The amount of the per-child deduction depends on your federal adjusted gross income and filing status. Depending on these factors, the deduction ranges from zero to $2,500. This deduction is above-the-line, meaning if you’re eligible for it, you can take it even if you don’t itemize deductions on your state return.
In North Carolina, you can take either a standard deduction or itemize your deductions. If you took the standard deduction on your federal return, you must take the North Carolina standard deduction on your state return. If you itemized deductions on your federal return, you may choose to either itemize on your state return or take the North Carolina standard deduction.
Here are the standard deductions by filing status for 2019.
- Single: $10,000
- Married filing jointly: $20,000
- Married filing separately: $10,000 (zero if spouse itemizes deductions)
- Head of household: $15,000
- Qualifying widow(er)/Surviving spouse: $20,000
Deductions you can itemize
For the 2019 tax year, North Carolina filers have access to several itemized deductions:
- Qualified mortgage interest and real estate property taxes: You can deduct up to $20,000 in qualified mortgage interest and real estate property taxes.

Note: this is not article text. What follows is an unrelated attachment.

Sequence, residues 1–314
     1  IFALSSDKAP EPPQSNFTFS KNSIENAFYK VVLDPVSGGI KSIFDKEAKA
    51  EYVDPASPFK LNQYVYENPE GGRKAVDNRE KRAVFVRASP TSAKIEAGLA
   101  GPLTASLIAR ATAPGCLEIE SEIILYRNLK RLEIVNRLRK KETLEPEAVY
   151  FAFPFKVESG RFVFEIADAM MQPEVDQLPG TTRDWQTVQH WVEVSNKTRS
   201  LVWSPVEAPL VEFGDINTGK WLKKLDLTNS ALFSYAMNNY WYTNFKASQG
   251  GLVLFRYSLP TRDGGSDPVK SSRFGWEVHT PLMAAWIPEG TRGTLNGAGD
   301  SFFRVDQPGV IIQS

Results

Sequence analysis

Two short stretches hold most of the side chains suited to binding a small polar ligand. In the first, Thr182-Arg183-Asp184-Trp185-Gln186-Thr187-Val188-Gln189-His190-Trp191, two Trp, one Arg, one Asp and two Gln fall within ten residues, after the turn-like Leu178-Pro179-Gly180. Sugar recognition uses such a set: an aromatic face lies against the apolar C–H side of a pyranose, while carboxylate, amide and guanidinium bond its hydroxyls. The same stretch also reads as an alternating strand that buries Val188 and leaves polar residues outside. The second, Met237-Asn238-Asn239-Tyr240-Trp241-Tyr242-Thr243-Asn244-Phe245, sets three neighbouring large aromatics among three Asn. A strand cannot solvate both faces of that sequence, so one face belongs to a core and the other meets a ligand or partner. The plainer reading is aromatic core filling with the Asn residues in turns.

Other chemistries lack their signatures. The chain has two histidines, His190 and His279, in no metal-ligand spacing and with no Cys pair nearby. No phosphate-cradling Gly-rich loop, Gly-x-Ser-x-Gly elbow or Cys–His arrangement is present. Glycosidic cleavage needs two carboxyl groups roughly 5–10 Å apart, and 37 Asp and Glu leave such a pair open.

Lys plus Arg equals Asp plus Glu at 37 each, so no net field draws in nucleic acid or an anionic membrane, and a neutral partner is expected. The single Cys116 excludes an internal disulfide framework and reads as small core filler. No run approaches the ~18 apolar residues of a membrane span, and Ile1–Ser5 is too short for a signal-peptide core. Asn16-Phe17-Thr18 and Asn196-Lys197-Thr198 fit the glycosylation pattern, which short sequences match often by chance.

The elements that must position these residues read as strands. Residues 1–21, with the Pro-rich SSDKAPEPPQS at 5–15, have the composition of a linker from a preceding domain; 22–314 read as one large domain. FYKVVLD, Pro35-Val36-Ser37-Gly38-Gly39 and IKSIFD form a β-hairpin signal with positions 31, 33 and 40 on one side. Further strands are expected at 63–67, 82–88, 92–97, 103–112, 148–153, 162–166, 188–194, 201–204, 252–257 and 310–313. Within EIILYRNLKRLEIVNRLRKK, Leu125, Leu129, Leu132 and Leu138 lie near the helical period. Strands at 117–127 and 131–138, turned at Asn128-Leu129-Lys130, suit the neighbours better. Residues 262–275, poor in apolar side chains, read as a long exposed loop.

- Charitable contributions: North Carolina generally follows federal tax code regulations on deducting charitable contributions.
- Medical and dental expenses: The state follows federal tax code for rules governing deductions for medical and dental expenses.
- Claim of right deduction: If you reported and paid taxes on income in a previous year, and then had to pay that income back, you may be able to take a deduction for all or part of the repaid income.
Available tax credits
Depending on your tax situation, you may be eligible for some state-level tax credits. Some available credits include the following:
- If you live in North Carolina and earned income in another state or country, and had to pay tax on that income to that state or country as well as to North Carolina, you may qualify for a tax credit.
- If you rehabilitate a qualified historic structure, you may be able to claim a credit (available for both business and residential structures).
How to file your North Carolina state tax return